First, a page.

Most all physicians recognize the danger of ME/CFS patients getting into a “push and crash” cycle. As soon as someone realizes they have ME/CFS, care should be taken to pace the activity throughout the day based on the level of ability at that time. This will allow some rest time for recovery after activity, including mental activity. As a person is more able, the length of time and level of activity may be increased. Any exertion will likely exacerbate symptoms and any activity should be stopped before the patient feels the fatigue or other symptoms.
Suddenly having a disabling chronic illness can be a shock. You might benefit from learning the symptoms, attitude and behavior phases most patients go through from the point of onset to resolution. About half of ME/CFS patients will experience depression at some point as a result of the great loss and frustration the debilitation causes or possibly as a result of chemical changes in the brain caused by the disease. If that occurs, then psychological therapy and/or pharmacological treatments for depression may be appropriate.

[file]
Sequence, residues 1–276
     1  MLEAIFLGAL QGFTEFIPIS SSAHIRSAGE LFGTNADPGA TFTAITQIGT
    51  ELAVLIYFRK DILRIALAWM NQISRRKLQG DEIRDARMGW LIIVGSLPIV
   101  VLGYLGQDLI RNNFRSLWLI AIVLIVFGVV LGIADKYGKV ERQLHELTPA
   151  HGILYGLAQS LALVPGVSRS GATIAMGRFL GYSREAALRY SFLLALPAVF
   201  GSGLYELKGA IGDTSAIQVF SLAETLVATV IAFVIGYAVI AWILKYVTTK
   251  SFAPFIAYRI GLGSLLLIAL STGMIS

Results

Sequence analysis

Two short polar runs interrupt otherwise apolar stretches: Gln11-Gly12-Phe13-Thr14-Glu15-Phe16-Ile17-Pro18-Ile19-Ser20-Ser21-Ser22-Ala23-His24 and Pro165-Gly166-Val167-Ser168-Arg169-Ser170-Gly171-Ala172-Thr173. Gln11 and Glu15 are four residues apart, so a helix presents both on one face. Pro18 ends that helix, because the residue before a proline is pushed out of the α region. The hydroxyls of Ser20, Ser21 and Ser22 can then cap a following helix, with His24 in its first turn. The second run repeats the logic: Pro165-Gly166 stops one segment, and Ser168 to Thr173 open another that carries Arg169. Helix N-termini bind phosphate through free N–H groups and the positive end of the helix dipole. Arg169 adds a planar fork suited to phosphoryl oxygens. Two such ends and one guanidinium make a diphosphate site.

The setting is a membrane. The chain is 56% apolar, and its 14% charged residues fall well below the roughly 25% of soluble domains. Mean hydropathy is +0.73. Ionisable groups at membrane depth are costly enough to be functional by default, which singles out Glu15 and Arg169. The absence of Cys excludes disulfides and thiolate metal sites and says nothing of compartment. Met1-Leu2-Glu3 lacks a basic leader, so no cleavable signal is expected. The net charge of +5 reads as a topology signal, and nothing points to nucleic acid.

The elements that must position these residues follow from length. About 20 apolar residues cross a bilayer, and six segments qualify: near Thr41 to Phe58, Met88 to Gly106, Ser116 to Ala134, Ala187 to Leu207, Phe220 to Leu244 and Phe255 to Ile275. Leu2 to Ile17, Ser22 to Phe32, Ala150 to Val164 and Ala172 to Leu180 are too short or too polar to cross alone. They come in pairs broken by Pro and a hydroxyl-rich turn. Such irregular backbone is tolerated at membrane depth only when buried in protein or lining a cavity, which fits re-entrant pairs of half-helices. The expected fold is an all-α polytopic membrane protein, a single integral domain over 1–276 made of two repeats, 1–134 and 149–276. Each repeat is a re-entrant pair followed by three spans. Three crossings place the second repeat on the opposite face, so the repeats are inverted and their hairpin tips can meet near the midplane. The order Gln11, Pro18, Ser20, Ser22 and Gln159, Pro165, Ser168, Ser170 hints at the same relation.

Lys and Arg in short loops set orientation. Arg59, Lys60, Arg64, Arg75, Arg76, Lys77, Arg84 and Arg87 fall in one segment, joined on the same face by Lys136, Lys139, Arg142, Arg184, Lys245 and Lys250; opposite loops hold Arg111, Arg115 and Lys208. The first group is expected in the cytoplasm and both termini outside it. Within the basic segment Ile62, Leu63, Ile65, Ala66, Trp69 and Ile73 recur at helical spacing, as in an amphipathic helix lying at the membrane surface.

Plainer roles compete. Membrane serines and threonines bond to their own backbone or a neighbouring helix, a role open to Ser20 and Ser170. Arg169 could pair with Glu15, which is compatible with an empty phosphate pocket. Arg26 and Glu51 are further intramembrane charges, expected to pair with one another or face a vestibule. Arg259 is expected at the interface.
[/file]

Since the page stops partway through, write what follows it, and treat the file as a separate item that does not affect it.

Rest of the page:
The information contained in these topics is not intended nor implied to be a substitute for professional medical advice. It is provided for educational purposes only. You assume full responsibility for how you choose to use this information. Always seek the advice of your physician or other qualified healthcare provider before starting any new treatment or discontinuing an existing treatment. Talk with your healthcare provider about any questions you may have regarding a medical condition. Nothing contained in these topics is intended to be used for medical diagnosis or treatment.